Dictionary of Gnosis & Western Esotericism

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Subject: Religious Studies

Edited by: Wouter J. Hanegraaff, in collaboration with Antoine Faivre, Roelof van den Broek and Jean-Pierre Brach

Dictionary of Gnosis & Western Esotericism Online is the comprehensive reference work to cover the entire domain of “Gnosis and Western Esotericism” from the period of Late Antiquity to the present. Containing around 400 articles by over 180 international specialists, Dictionary of Gnosis & Western Esotericism Online provides critical overviews discussing the nature and historical development of all its important currents and manifestations, from Gnosticism and Hermetism to Astrology, Alchemy and Magic, from the Hermetic Tradition of the Renaissance to Rosicrucianism and Christian Theosophy, and from Freemasonry and Illuminism to 19thcentury Occultism and the contemporary New Age movement. Dictionary of Gnosis & Western Esotericism Online also contains articles about the life and work of all the major personalities in the history of Gnosis and Western Esotericism, discussing their ideas, significance, and historical influence.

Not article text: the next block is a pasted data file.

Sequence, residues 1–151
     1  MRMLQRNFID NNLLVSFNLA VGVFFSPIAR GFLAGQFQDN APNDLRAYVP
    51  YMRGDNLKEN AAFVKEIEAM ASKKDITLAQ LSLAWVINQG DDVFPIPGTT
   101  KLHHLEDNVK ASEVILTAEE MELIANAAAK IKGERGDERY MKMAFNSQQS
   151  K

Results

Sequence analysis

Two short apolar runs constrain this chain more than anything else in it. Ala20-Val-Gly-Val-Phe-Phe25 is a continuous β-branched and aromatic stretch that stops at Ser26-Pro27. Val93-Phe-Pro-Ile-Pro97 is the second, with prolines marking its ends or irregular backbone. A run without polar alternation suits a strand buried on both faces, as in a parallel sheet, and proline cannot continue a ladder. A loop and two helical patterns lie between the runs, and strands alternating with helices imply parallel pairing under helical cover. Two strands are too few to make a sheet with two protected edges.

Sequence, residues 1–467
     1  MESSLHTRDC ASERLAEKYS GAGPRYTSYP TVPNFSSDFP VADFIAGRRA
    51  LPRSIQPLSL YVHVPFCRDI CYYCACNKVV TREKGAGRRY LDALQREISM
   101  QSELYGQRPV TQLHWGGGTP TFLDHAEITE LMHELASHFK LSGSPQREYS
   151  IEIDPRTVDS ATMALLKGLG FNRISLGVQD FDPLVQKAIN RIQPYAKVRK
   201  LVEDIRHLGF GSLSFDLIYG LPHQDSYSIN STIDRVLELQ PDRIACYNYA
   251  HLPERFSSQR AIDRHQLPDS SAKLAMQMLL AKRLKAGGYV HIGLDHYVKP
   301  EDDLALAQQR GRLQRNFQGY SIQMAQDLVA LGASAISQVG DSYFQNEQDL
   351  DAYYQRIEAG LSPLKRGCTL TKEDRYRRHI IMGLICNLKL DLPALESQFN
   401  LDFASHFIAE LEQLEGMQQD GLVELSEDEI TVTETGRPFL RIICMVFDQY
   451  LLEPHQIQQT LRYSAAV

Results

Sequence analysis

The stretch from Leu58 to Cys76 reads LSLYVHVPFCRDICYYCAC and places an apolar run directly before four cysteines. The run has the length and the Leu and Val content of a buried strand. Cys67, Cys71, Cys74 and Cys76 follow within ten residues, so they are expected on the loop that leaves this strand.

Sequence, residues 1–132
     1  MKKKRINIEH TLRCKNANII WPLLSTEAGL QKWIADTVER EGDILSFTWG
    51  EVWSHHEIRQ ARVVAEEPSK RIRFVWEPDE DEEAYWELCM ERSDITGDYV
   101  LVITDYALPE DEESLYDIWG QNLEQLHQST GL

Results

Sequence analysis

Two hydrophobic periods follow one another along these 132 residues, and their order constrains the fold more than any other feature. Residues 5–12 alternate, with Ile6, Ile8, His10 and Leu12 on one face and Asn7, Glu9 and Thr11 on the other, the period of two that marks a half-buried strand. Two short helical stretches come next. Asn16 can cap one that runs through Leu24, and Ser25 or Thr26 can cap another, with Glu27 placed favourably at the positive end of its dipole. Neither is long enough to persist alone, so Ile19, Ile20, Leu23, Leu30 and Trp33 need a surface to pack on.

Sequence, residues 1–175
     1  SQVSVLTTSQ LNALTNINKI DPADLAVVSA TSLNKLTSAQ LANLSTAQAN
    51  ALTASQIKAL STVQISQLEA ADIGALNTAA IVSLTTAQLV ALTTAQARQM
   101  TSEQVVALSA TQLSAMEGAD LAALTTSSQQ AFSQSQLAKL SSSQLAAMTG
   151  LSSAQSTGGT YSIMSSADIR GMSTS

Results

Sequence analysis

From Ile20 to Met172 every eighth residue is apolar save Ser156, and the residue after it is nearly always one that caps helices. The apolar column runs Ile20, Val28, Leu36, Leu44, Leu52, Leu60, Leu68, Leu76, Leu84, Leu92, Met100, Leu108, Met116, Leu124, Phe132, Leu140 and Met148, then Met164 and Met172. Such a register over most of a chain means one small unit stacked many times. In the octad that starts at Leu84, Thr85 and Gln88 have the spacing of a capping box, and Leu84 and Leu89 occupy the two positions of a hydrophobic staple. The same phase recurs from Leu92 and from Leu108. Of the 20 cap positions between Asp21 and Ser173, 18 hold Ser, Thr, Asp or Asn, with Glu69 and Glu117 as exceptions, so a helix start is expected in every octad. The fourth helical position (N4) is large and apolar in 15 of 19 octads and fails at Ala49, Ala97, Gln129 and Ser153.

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“I AM” Activity

(1,429 words)

Author(s): Mayer, Jean-François
The “I AM” movement was launched by an American couple, Guy Warren Ballard (1878-1939) and Edna Anne Wheeler Ballard (1886-1971). They had both shown a long-time interest toward occult literature. Guy Ballard had become a medium himself even before his marriage in 1916 and apparently ‘practiced spiritualism in Chicago for a number of years’ (Braden). According to some sources, the Ballards were familiar not only with Theosophical literature, but also with Christian Science, Unity, the Rosicrucia…

Iatromathematica

(1,476 words)

Author(s): Zanier, G.
The term Iatromathematica was derived from the title of a Greek Hermetic treatise, well known in medieval latin translations; in a broader sense it refers to “astrological medicine” (i.e. the medical science which subordinates clinic observation and therapeutic praxis to the scrutiny of the stars). The theory of Iatromathematica is founded on several philosophical assumptions. The most obvious one is the so-called “material causalistic” assumption, which is already apparent from the opening words of the Iatromathematica: ‘The rays of the seven stars are interwoven in t…